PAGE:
I also work with, in groups situations,
when I was with Stephane Grappelli.
I started out, I used to play in, in, in
straight ahead jazz, bebop type
type of jazz and, and playing with a pick
and, you know, even now I still do that.
I've got my own group Spirit of Jango and
I play a lot of single string improv lines
And what I've tried to do is actually
integrate the single
line playing with my finger style solo
playing as well.
Because, we got a little bit of a hangover
in guitar playing that goes back to
a time where you were either a lead
guitarist or a rhythm guitarist.
They, there was, that, that whole thing
went on for, for quite, quite a while.
And while we don't think in those terms
as, as much.
Guitar players don't class themselves,
most of the time,
as either a lead player or a rhythm
Very often when,
when we're playing we can then think now
I'm playing lead, now I'm playing rhythm.
Now I'm playing with single lines,
now I'm playing finger style with lots of
harmonic things going on.
So I want to try.
I've integrated that.
And I, and so I don't think in those
I don't divide the, the two.
I'm probably going to play with a pick at
the moment to, to do this.
Now there's many approaches to, to
improvisation and
single line improvisation.
Now there, they're all valid.
So I'm not saying to you, this is the only
And whatever, way that you've, you, if
you've done this before and you've,
you've worked with a particular system,
that's also valid.
And they can, they can overlay, they can
overlap each other.
You know, they can be placed one on top of
the other.
So that's not a problem.
This isn't, this isn't the method.
But this is the way I do it, this is the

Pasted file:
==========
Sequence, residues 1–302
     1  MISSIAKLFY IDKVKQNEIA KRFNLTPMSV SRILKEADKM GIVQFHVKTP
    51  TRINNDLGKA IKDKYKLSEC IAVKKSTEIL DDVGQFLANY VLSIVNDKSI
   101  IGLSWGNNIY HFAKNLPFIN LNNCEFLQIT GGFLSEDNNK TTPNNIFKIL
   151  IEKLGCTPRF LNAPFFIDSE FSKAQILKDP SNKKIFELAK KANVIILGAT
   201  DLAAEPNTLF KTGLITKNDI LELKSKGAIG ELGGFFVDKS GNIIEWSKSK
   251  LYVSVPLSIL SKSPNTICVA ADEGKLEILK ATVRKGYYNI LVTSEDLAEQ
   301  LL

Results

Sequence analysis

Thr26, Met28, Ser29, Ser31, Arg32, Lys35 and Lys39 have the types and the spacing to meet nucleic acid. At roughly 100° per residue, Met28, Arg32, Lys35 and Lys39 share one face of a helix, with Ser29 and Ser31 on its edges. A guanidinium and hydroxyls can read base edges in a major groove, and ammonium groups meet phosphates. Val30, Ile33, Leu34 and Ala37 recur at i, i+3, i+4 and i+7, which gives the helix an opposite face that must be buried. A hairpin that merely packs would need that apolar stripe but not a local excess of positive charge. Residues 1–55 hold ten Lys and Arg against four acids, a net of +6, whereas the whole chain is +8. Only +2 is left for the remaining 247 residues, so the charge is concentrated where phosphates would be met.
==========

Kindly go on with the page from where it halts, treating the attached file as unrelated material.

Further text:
way I've always approached improvisation.
I've always approached it from a melodic
So what I'm gonna show you to, how to do.
Is, we're gonna strip it back to the very
Real basics.
Playing a triads and then we're gonna
build it up.
We're gonna go from playing very melodic
we're gonna take it a little further out.
We're gonna, we're gonna start bringing
some other things in.
And we're gonna take it further and
further out as we go along.
And this will seem, it seems hard at
But after a while once it starts to,
it does start to become natural after a
The reason it seems difficult at first is
cuz you're having to think, and thinking,
I always said, thinking is not good when
you're playing music.
You wanna kind of want to do that before.
Once you got, you've kind of, thought out
what you're gonna do,
then you kind of want to put the thinking
process slightly in the back of your mind,
and use that knowledge that you've, that
you've gathered.
But don't let it overtake everything, let
the music then, then build from that and,
and build on that that knowledge you have.
So what I'm gonna do here is, is start
really, really simple.
Now I'm gonna play this very straight.
And it will sound very unhip at first but
as we progress I'm gonna,
I'm gonna rephrase things so I'm not gonna
play it straight.
And hopefully it'll become a little hit
hipper as we go along and
I'll show you just how hip I can really